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'Everybody Say "Cheese!" ' is a slice of Garry Marshall's life

The television writer/creator and film director turns playwright in a story of boyhood and a mother torn by a dream.

March 18, 2009|Susan King

A playwright's work is never finished -- at least not for Garry Marshall.

Marshall, 74, began working on "Everybody Say 'Cheese!' " some 43 years ago. Four decades later, he's still futzing with it.

Just last week, the creator of "Happy Days," co-creator of "Laverne & Shirley" and director of the hit films "Pretty Woman" and "Beaches" added new dialogue for the second preview performance of the comedy, which is having its West Coast premiere at his Falcon Theatre in Burbank. And there will probably be more changes before the play opens Friday.

The reason for the changes, he explains, "is sometimes you've got to see it [onstage]. I think the thing that is most helpful for me in writing is not to lock in" to a line.

Getting a play on its legs is a challenge, says Marshall, but it's one he welcomes. "My training was not staring into space and coming up with a genius joke," he says in his trademark rat-a-tat-tat declamatory style. "My training was 'We need a joke here, and it has to be about . . . I'm good at spot jokes. But it's still a challenge."

At the time he started writing the play, he had just penned more than 30 freelance scripts for such sitcoms as "The Dick Van Dyke Show" and "The Joey Bishop Show." He was burned out. "My hands were shaky; I wrote too much. I was getting a headache," he says. "So I packed up [the family] and moved to Palm Springs. I was there eight months."

He would have stayed, but he sold his first sitcom: the 1966-67 NBC series "Hey, Landlord." So he returned to L.A. and put away the play while his TV career took off.

But he never forgot it, in part because "Cheese" is very personal: It's a tribute to his late mother, Marjorie, who operated a tap dance school in the basement of their apartment. "People come to me and say, 'We went to your mother's dance school,' " says Marshall, who years later donated funds to his alma mater, Northwestern University, for the Marjorie Ward Marshall Dance Center.

The comedy, set in 1965, revolves around Leo (Joe Regalbuto) and Harriet Keenan (DeeDee Rescher), a couple married for 30 years and living in a lower-class Bronx apartment. Now that their two daughters have left the nest, Harriet wants something more in her life. Leo, who works as a truck dispatcher for the New York Daily News, just wants to die before something happens to the couple. Unable to communicate with his wife, Leo makes shelves for their dingy apartment whenever he gets upset. Harriet decides she wants a divorce and discovers the quickest way is to catch her spouse committing adultery.

Marshall admits he drew characterizations from the fights he saw between his parents -- his father, Anthony, was an industrial film director and producer. "I think, in a way, in those days the attitude was 'You're unhappy. So what? Shut up.' I remember there was a period in my life and my sisters' too where we said they should get a divorce already, these people. It was in the late-'50s and early '60s. We were hoping, but they didn't."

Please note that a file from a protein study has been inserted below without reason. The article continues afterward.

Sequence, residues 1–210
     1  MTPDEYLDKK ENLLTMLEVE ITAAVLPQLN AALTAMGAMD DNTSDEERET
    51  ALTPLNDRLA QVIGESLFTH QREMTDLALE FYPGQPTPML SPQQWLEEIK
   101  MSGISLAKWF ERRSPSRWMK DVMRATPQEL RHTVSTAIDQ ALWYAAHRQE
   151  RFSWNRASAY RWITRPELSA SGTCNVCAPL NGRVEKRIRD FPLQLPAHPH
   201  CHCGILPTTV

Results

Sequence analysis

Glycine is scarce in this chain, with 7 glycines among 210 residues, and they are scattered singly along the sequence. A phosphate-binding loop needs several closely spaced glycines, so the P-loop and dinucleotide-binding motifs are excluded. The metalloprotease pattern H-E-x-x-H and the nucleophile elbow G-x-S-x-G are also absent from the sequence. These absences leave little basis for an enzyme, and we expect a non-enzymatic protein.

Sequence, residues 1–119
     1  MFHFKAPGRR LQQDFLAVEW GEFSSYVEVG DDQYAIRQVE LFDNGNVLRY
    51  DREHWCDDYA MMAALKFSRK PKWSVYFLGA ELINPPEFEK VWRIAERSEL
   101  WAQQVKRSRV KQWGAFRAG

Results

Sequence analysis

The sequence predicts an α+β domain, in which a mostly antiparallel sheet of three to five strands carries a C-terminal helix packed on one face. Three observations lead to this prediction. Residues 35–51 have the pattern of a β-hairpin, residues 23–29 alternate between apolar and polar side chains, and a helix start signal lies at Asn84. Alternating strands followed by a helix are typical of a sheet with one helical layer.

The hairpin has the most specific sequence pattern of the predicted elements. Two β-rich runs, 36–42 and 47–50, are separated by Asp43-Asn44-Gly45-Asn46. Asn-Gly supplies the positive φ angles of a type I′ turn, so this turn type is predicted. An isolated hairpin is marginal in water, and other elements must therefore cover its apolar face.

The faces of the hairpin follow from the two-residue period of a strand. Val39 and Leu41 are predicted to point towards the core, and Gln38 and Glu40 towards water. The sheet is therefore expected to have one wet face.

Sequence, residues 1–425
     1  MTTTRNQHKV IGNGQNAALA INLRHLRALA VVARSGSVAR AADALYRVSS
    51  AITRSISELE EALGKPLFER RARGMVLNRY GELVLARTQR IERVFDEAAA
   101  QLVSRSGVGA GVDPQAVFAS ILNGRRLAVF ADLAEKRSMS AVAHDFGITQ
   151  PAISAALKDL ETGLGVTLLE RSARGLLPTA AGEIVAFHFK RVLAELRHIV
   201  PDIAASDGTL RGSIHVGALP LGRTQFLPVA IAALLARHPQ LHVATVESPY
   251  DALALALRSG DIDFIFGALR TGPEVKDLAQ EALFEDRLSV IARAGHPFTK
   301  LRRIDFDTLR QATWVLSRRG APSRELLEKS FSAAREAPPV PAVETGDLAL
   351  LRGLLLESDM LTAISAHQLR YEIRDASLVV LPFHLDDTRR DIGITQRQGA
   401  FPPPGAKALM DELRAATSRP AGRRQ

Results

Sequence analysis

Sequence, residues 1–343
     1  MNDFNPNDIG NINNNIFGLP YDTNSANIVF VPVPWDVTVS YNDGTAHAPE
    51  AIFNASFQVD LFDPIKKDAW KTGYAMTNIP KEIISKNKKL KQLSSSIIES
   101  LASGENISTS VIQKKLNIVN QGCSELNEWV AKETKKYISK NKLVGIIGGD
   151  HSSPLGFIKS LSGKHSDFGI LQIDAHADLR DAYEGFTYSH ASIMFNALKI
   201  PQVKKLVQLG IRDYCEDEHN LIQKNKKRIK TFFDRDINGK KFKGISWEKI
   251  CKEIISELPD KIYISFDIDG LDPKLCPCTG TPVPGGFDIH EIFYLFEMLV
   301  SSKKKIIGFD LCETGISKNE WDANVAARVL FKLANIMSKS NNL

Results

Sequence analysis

But didn't his parents love each other?

Yes," he says. "People seem to love each other when they are sick and dying. My mother had Alzheimer's and my father stayed with her. When she went, he was devastated. He was all alone."

Unlike his play's heroine, Marshall's mother was afraid to make a move and change her life. "She could have been a dancer on Broadway," he says. "She could have choreographed on Broadway. She was loved by Jackie Gleason and the June Taylor Dancers. She could have done a lot of things in her life, but she was just too afraid. So my character is not too afraid."

There's a lot of his father in Leo -- like the penchant for building shelves.

"I was in a five-floor walk-up, and he came and built me shelves," Marshall recalls. "Shelves were his thing. He could have been a good carpenter, but he wanted to be white collar."

Originally titled "Shelves," the play was first produced more than 30 years ago at the Pheasant Run Playhouse outside Chicago. Marion Ross, Mrs. Cunningham in "Happy Days," starred as Harriet.

"It was a bad experience," Marshall recalls. "Everything went wrong. It was dinner theater, and there was rattling of glasses and stuff."

Though the audience responded well, "Shelves" was too jokey, Marshall admits. "That was the big problem. After the play closed, the director, who was this real nice guy, said, 'We are going to take it someplace.' I called him back, and they said he was murdered! After that, I said this is not working. It is not supposed to be."

So he shelved "Shelves." But he never forgot the play.

Over the years, though, he noticed women rising to power in government, such as Geraldine Ferraro as the first female vice presidential candidate in 1984 and "then [House Speaker Nancy] Pelosi being the head of everything," says Marshall. The clincher was when Hillary Rodham Clinton ran for the Democratic presidential nomination last year. "I said, 'Maybe it's time to try this again.' "

"I wanted to direct it but had too much going on," he says. So veteran New York director Steve Zuckerman came on board.

The play runs through April 11, and Marshall hopes "Cheese" has legs. "We got people coming to see it from Miami and New York," he says. "That's where it will work well."



'Everybody Say "Cheese!" '

Where: Falcon Theatre,

4252 Riverside Drive,


When: 8 p.m. Wednesdays to Saturdays, 4 p.m. Sundays. Ends April 11.

Price: $32.50 to $55

Contact: (818) 955-8101

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